Individual vs. Collective Expressions of Grief in the Homeric Poems
In the Homeric poems, expressions of grief and mourning abound. This is a key theme in the Iliad, and the poem culminates with the big funeral scenes of the last three books. Homeric poetry has long been linked to the emergence of the Greek polis, and it offers us an insight into accepted patterns of displaying grief and mourning practices in the public sphere. The funeral games and the different forms that these choral laments adopt, particularly the thrênos, are collective expressions of ritualised mourning that acquire a paradigmatic role comparable to that they enjoy in the iconographic record (e.g. on Geometric pottery). In contrast, some individual responses to grief in the poems are presented as anomalous, for example, Achilles’ which is explained in terms of his heroic temper and Penelope’s because of her uncertainty over Odysseus’ fate. These examples allow the poet to portray extreme personal responses to grief, made manifest in severe physical symptoms. Their individual specificity functions as a foil to the paradigmatic representation of the collective management of grief through ritualised competition and communal choral practices.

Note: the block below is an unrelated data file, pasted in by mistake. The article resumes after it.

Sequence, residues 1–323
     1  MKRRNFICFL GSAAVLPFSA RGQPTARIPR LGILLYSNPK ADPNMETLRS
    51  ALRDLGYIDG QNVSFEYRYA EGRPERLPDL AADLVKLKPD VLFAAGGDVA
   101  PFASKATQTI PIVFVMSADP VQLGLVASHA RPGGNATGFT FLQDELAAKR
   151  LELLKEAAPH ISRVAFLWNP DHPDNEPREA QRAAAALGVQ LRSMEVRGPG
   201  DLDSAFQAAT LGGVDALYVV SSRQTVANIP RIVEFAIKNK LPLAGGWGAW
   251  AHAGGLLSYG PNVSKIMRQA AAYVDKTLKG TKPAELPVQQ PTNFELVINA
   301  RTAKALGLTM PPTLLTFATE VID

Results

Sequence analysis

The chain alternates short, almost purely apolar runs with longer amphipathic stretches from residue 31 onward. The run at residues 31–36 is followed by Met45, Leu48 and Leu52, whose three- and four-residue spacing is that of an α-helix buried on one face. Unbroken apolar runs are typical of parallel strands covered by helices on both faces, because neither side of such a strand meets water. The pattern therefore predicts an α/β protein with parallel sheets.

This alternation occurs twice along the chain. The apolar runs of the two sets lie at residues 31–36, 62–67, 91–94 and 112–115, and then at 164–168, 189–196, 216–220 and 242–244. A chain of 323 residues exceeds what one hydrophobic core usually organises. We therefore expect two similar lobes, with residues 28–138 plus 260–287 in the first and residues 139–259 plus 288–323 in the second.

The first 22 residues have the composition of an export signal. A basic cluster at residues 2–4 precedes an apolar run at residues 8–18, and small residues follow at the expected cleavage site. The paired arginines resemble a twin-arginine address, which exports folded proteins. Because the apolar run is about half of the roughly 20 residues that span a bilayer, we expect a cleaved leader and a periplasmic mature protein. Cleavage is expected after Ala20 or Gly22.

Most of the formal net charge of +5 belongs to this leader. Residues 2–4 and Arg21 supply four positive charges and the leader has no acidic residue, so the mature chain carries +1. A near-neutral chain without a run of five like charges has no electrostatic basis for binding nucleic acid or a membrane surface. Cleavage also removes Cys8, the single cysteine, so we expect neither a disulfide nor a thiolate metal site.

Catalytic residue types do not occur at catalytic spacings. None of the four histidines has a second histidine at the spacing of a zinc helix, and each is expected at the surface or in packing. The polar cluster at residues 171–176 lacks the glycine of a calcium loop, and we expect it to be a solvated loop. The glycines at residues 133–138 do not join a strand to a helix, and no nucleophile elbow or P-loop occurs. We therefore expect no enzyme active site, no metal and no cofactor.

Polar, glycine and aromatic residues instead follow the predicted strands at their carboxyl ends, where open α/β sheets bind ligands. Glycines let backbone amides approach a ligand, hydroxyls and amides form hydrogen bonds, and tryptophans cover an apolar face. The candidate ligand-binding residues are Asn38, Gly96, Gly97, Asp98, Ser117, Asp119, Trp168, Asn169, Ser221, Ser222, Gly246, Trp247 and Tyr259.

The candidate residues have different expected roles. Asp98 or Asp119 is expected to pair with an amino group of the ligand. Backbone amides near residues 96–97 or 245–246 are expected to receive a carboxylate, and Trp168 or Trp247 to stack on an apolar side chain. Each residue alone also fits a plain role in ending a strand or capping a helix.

Copyright (c) 2019 Jesús Carruesco
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